Darkness in the panels

A+comic+by+Jeff+Lemire%2C+of+Canada+hangs+inside+the+Fairfield+Arts+and+Convention+Center+on+Friday%2C+August+21%2C+2015.+Fairfield+held+an+open+gallery+displaying+the+works+of+several+comic+book+artists+including+Bryan+Lee+OMalley+of+Scott+Pilgrim+fame.+%28The+Daily+Iowan%2FSergio+Flores%29

A comic by Jeff Lemire, of Canada hangs inside the Fairfield Arts and Convention Center on Friday, August 21, 2015. Fairfield held an open gallery displaying the works of several comic book artists including Bryan Lee O’Malley of Scott Pilgrim fame. (The Daily Iowan/Sergio Flores)

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In Fairfield, Iowa, there’s a quaint little art gallery that has hosted a peculiar display since early this month.

The Comics & Graphic Novels gallery in Fairfield’s Arts and Convention Center, 200 N. Main St., presented by the University of Iowa Museum of Art, is situated in one inconspicuous corner of the enormous main hall, where it will remain until Sept. 25. Humbling to see that purveyors of the medium are showing such modesty.

Most of the comic panels on display are somber and monochromatic, and they retain a brutal humanity that superhero comics have rarely achieved. This is a medium that suffered through the borderline sophomoric Dark Age of the 1980s and 1990s — when even the most colorful superheroes were so edgy a dodecahedron thought it excessive.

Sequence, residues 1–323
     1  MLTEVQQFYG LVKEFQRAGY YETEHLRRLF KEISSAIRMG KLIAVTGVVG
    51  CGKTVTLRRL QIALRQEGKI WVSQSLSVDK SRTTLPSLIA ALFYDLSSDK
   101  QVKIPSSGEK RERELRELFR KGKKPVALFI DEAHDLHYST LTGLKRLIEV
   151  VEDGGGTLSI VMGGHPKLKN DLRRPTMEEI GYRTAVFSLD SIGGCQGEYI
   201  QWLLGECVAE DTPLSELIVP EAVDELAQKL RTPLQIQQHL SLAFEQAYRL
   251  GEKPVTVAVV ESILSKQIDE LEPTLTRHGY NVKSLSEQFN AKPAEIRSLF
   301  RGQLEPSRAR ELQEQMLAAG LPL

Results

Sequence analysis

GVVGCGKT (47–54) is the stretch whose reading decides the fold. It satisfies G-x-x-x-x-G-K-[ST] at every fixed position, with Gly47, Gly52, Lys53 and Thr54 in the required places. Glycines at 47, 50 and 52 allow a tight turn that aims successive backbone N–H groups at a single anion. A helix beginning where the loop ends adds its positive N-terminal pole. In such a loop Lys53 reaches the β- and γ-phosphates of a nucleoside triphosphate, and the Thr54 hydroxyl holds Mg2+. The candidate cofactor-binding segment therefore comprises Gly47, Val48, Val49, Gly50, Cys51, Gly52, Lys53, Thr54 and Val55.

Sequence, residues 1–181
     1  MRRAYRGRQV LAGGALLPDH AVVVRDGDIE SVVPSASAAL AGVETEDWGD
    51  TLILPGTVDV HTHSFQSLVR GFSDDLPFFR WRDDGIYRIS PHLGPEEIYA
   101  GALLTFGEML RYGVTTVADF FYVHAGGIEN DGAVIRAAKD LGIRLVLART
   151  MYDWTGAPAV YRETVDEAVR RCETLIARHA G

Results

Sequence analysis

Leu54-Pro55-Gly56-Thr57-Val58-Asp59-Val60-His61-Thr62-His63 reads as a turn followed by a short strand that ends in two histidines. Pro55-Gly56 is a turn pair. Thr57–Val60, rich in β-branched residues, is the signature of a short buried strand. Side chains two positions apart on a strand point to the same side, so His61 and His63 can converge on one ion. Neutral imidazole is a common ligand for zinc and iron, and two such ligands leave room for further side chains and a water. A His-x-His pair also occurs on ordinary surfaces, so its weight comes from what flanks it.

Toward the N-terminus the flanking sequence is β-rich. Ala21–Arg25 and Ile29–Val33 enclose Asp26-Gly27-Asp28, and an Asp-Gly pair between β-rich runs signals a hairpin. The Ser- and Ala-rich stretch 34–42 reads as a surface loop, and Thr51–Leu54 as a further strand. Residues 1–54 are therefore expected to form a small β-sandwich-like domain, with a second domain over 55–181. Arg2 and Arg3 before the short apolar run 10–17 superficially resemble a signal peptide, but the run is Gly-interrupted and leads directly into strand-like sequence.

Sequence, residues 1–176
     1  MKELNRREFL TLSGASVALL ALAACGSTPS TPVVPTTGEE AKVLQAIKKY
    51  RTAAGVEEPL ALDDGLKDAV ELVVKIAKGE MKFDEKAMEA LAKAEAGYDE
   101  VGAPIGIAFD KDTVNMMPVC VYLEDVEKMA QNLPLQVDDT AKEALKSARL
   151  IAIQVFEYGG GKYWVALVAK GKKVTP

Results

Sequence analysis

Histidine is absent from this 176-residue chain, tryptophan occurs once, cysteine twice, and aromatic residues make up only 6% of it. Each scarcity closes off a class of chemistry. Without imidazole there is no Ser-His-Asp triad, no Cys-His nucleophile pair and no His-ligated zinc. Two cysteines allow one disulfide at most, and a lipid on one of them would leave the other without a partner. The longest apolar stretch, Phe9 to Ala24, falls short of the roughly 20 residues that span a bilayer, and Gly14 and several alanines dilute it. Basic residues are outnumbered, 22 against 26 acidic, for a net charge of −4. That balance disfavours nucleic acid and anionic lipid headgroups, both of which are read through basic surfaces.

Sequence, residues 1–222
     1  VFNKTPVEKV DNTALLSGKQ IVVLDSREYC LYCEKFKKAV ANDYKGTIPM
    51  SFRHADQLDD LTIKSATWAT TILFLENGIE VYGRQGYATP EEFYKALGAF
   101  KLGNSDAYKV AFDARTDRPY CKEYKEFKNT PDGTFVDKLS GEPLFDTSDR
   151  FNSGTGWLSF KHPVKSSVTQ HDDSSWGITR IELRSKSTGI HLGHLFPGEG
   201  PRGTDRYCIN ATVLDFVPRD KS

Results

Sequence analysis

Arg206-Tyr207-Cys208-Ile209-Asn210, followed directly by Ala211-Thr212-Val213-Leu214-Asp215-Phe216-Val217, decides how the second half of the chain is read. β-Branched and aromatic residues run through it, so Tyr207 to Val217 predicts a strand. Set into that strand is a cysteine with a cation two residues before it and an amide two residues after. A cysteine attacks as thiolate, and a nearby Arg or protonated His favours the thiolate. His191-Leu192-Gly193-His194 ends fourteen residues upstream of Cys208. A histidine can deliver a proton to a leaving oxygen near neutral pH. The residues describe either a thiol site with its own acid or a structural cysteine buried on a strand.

The gallery is quick to show that even token “good” superheroes such as Captain America aren’t immune to this, even in the modern day. The panels featuring him were drawn by Mitchell Breitweiser for 2007’s Captain America: The Chosen; a darker, modern tale written by the creator of Rambo, David Morrell. Images of war, patriotism, and posttraumatic stress disorder sear the brain and prepare visitors for the more independent, lesser-known works to the right.

Perhaps the most recognizable artist with work is on display is Bryan Lee O’Malley, creator of the Scott Pilgrim series. The art in question isn’t from Scott Pilgrim, originating instead from Street Angel Pinup, but O’Malley’s style is unmistakable.

However, to single out O’Malley does a disservice to the other artists on display, just as failing to see the gallery does a great wrong to the medium O’Malley and other artists similar to him fought to get into.

The greatest injury of all, though, might very well be the gallery itself.

Despite being sponsored by the UI Museum of Art, the gallery is little over an hour’s drive from Iowa City and is an anticlimactic affair. While Fairfield is a scenic slice of America, this attraction is deflating and should have been closer to the UI to grant the university and Iowa City communities better access to it. Though admission is free, the real cost is gas and a dash of open-mindedness to appreciate the impact the work of these men and women can have on us and our culture.

The artists themselves are, of course, not present for a Q&A. One may assume they signed off on the display — with appropriate attribution guaranteed — with no intention of ever setting foot in Fairfield.

Interested parties should avoid all this if jaunts out of town are not permitted by time or finances.

Comic-book and graphic-novel aficionados in particular should start petitioning the school for these kinds of art galleries to be put up closer to campus. The Iowa Comic Book Club, among other organizations and individuals, could help future events such as this grow and thrive in our artistic community.

This medium deserves better.

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